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When home brewed beer was illegal

When home brewed beer was illegal

June 1978: News that homemade beer may be legal for the first time since the 1920s delights home brewer Tracy Grade.

Tracy Glade, 33, a Glendale teacher, said she prepared 300 gallons of home-brewed beer and Zinfandel wine in 1977.

This photo appeared in the June 13, 1978, Los Angeles Times. Staff writer Mark Jones reported:

Every few months Ray Sandoval cooks up 25 gallons of home-brew beer, and though his wife prefers Budweiser they’ve worked out a satisfactory arrangement. He brews it, she bottles it, he drinks it. She drinks Bud.

The other day Sandoval confessed that, although Prohibition ended 45 years ago, he fantasizes that a pair of gray-suited federal agents will knock at his front door one day, interrogate him about his home brew, then whisk him off.

“Sure, I know the government doesn’t give a damn about a guy making a few gallons of beer on the kitchen stove.” the San Fernando Valley man said, “but just the same it is still illegal to do it in this country.”

True enough, the Prohibition-era state and federal laws are still on the books prohibiting beer brewing without a manufacturer’s license, but things are changing. Congress and the California Legislature are expecting to legalize home brew by the end of summer, thus putting such phrases as “bathtub beer” and “basement booze” back into the language for the first time in a half-century.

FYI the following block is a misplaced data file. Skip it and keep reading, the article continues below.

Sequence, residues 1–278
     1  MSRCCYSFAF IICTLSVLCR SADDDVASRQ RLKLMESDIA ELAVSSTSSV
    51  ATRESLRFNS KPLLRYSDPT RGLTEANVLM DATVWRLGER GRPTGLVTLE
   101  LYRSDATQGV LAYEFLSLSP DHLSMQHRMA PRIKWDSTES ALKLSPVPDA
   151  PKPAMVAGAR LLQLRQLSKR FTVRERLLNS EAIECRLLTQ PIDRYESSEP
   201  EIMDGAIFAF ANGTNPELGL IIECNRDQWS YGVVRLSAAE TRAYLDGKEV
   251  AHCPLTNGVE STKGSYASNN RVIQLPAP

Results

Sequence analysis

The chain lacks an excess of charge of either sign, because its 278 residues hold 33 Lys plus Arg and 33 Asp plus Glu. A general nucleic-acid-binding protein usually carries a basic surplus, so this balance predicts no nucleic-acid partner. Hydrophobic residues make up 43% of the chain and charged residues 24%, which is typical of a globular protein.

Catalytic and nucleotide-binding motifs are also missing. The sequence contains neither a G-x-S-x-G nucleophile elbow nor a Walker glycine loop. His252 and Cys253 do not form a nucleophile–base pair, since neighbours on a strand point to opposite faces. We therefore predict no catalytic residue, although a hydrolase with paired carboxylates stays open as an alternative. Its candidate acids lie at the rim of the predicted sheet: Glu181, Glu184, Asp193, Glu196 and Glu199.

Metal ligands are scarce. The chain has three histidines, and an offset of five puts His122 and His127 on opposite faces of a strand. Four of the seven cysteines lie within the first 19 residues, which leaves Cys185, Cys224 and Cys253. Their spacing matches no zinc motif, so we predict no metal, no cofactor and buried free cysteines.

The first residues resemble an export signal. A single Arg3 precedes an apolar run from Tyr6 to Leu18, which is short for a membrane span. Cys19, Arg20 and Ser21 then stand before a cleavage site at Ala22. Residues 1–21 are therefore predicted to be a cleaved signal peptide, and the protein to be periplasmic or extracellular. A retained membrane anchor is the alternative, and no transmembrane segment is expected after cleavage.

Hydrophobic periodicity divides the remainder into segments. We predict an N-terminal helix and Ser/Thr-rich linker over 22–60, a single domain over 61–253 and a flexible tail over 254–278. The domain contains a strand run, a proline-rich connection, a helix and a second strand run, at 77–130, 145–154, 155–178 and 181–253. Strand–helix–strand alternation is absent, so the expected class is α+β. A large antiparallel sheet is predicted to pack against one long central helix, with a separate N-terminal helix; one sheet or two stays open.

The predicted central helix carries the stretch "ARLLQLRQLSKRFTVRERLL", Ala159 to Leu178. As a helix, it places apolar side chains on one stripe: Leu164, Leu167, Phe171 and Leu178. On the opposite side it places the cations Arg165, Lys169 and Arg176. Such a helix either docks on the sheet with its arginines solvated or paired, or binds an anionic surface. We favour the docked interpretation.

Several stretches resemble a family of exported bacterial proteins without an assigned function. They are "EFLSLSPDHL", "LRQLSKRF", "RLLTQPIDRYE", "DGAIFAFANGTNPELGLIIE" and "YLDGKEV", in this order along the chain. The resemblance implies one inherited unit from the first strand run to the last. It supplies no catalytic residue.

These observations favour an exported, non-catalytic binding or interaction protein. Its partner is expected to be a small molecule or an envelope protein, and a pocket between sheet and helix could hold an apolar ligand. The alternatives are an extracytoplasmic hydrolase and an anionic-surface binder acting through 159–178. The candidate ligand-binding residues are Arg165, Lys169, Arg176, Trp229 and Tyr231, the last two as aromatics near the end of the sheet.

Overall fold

And Sandoval can finally put an end to his private fantasy.

Amateur beer makers, of which there may be as many at 3,000 in Southern California–an estimated 100,000 nationwide–are a cautious lot who until the proposed legislation becomes law are naturally reserved about what they do and what they say to strangers.

As one of them said recently, “The crazy thing about the law is that it’s so contradictory: you can legally buy beer-making books, kits, supplies and equipment, but the law says you can’t use them! My conscience is clear, though,” he said stiffly, “because at least I don’t sell the stuff.

“But please do me a favor and leave my name out of the story. The last thing I want is the Treasury Department snooping around my house …”

In the fall of 1978, President Carter signed a bill allowing home brewing for personal use.

scott.harrison@latimes.com

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1 Comment

  1. September 21, 2015, 2:48 pm

    If my information is correct both Tracy and Ray were members of the Maltose Falcons Homebrewing Society which is still going strong up in the Valley

    By: DrewB

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